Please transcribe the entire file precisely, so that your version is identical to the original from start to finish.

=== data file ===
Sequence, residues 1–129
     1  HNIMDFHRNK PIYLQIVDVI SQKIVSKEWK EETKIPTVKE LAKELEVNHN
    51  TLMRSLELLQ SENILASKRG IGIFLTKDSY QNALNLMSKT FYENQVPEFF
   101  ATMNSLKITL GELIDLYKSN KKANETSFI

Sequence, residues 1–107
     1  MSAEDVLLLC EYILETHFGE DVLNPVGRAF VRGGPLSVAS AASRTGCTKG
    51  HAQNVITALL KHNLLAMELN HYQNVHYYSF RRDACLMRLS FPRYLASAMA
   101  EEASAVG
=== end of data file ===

Sequence, residues 1–129
     1  HNIMDFHRNK PIYLQIVDVI SQKIVSKEWK EETKIPTVKE LAKELEVNHN
    51  TLMRSLELLQ SENILASKRG IGIFLTKDSY QNALNLMSKT FYENQVPEFF
   101  ATMNSLKITL GELIDLYKSN KKANETSFI

Sequence, residues 1–107
     1  MSAEDVLLLC EYILETHFGE DVLNPVGRAF VRGGPLSVAS AASRTGCTKG
    51  HAQNVITALL KHNLLAMELN HYQNVHYYSF RRDACLMRLS FPRYLASAMA
   101  EEASAVG